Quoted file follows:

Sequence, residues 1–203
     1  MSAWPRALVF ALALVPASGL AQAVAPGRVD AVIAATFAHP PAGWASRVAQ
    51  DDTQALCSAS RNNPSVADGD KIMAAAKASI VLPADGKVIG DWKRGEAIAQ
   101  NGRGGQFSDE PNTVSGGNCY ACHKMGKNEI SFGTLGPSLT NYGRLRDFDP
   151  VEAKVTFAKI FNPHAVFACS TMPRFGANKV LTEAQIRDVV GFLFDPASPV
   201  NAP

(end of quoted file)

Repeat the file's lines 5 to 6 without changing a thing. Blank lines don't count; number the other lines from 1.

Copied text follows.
   151  VEAKVTFAKI FNPHAVFACS TMPRFGANKV LTEAQIRDVV GFLFDPASPV
   201  NAP